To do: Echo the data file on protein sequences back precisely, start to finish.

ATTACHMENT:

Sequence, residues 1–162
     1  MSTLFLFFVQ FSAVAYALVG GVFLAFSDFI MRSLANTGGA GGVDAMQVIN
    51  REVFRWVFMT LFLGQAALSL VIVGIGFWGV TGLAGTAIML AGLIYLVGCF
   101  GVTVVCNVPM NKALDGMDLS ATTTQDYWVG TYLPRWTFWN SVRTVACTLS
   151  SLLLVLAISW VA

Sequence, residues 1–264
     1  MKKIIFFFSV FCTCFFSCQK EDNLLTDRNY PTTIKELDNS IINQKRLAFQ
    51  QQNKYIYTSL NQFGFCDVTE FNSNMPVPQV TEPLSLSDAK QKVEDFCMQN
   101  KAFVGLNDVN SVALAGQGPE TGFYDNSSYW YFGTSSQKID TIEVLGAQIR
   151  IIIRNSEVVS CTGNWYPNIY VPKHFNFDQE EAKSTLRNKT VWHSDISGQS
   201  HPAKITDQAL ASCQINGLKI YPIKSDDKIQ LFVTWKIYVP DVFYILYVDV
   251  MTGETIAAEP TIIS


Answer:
Sequence, residues 1–162
     1  MSTLFLFFVQ FSAVAYALVG GVFLAFSDFI MRSLANTGGA GGVDAMQVIN
    51  REVFRWVFMT LFLGQAALSL VIVGIGFWGV TGLAGTAIML AGLIYLVGCF
   101  GVTVVCNVPM NKALDGMDLS ATTTQDYWVG TYLPRWTFWN SVRTVACTLS
   151  SLLLVLAISW VA

Sequence, residues 1–264
     1  MKKIIFFFSV FCTCFFSCQK EDNLLTDRNY PTTIKELDNS IINQKRLAFQ
    51  QQNKYIYTSL NQFGFCDVTE FNSNMPVPQV TEPLSLSDAK QKVEDFCMQN
   101  KAFVGLNDVN SVALAGQGPE TGFYDNSSYW YFGTSSQKID TIEVLGAQIR
   151  IIIRNSEVVS CTGNWYPNIY VPKHFNFDQE EAKSTLRNKT VWHSDISGQS
   201  HPAKITDQAL ASCQINGLKI YPIKSDDKIQ LFVTWKIYVP DVFYILYVDV
   251  MTGETIAAEP TIIS